In truth, our learning and development never should never stop.

‘Live as if you were to die tomorrow. Learn as if you were to live forever’ Mahatma Gandhi

Mr Gregory Nason is a Specialist Registrar in Urology at the University Hospital Limerick, Ireland

References

  1. Furriel FTG, Laguna MP, Figueiredo AJ, Nunes PT, Rassweiler JJ. Training of European urology residents in laparoscopy: results of a pan-European survey. BJU Int 2013; 112: 1223–28.
  2. Buffi N, Van Der Poel H, Guazzoni G,  Mottrie A, on behalf of the Junior European Association of Urology (EAU) Robotic Urology Section with the collaboration of the EAU Young Academic Urologists Robotic Section. Methods and Priorities of Robotic Surgery Training Program. Eur Urol 2013; epub ahead of print.
  3. Lee JY, Mucksavage P, Sundaram CP, McDougall EM. Best practices for robotic surgery training and credentialing. J Urol 2011; 185: 1191-7.

Thriving & Surviving As A First Year Consultant

“You never have a second chance to make a first impression.” 

How you initially come across to your colleagues, the nurses and your patients as a newly appointed consultant can set the tone for your consultancy for the rest of your career. Once an opinion (winner or loser) has been formed about you, it is virtually set in stone. It is much too important to leave these things to chance. In your first year you will either sink, float or swim!

 ‘Thriving and Surviving as a new consultant’ [1] is a course by The Urology Foundation (TUF) specifically designed to help consultants at the start of their careers take control of situations and to become good leaders, colleagues and, most importantly, good medics. Good communication and presentation skills are vital to how others perceive and respond to you; fortunately these can be learned and developed. More importantly, leaders are not born, they can be made and it is possible to improve and hone your skills and attributes so that you can become a more confident and natural leader.

A good or natural leader always features a strong resume. a robust resume not only emphasis an excellent impression on the interviewer but also step up your confidence. the primary and most vital factor that contributes to obtaining an honest job is that the resume. Building knowledgeable resume that stands call at the gang can sometimes end up to be an intimidating, confusing and stressful task. But, with the advancement in technology building knowledgeable resume has become quite easy.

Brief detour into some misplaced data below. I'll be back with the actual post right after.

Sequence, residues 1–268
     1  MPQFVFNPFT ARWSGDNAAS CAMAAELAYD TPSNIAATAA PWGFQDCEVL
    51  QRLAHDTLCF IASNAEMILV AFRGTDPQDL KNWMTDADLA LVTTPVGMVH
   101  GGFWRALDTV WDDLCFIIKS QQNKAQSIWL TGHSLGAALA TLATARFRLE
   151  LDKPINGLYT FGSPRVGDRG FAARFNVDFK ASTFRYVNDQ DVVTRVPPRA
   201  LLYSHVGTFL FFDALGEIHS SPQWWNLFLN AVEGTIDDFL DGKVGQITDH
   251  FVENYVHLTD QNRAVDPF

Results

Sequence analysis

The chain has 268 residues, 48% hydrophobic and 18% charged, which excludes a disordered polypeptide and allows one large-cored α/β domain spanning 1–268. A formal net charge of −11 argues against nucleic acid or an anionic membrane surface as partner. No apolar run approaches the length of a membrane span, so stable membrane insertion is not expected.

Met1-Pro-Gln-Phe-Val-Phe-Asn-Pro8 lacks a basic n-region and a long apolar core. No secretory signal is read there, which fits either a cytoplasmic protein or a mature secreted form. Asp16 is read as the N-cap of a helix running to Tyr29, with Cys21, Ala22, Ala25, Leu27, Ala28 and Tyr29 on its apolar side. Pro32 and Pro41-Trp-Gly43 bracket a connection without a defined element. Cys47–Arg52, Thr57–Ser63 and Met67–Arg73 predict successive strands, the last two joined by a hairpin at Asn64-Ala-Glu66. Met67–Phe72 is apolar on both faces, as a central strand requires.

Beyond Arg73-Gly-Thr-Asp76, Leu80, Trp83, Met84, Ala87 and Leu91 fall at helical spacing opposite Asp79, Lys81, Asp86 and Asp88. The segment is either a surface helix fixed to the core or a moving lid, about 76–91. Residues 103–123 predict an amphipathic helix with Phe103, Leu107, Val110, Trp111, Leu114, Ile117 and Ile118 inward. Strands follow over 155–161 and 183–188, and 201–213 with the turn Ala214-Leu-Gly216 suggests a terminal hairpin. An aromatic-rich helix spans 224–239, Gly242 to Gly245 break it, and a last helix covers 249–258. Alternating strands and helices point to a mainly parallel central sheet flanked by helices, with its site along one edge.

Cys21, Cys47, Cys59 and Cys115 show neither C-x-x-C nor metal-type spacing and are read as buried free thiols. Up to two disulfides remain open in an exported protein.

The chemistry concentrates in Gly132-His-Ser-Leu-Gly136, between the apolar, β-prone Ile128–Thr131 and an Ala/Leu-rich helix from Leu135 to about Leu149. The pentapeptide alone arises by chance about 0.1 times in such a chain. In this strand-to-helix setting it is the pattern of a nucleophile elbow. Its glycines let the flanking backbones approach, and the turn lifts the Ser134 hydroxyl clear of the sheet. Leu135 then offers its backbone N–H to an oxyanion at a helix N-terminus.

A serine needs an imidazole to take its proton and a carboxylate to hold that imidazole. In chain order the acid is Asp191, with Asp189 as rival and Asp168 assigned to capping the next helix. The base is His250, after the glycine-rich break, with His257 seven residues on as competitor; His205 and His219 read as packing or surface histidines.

The resume builder online is one such innovation that has made professional resume building easy, efficient and fewer stressful. The professional resume builder saves tons of quality time which may be utilized for other purposes like gaining education or developing skills. you only got to fill within the details within the appropriate fields mentioned within the resume template online and knowledgeable resume is produced in minutes.

Last weekend,  a number of newly, or about to be appointed, consultants attended an interactive two-day course in Leeds where subjects such as team building and development were discussed. “The team” was considered to be the colleagues, managers, nurses and other healthcare professionals involved in the urological care of patients. We discussed and debated how we could create the “Manchester United” department of urology, delivering the best possible in patient treatment and care.

A new consultant shouldn’t try to change too much at first, but instead carefully assess and evaluate the lie of the land. Learning about the department, associated departments and the hospital itself takes time and trouble. It is good though to have at least five SMART (Specific, Measurable, Achievable, Realistic and Time-constrained) goals to be achieved within the first year of his or her appointment. But what should these be? Do let us know.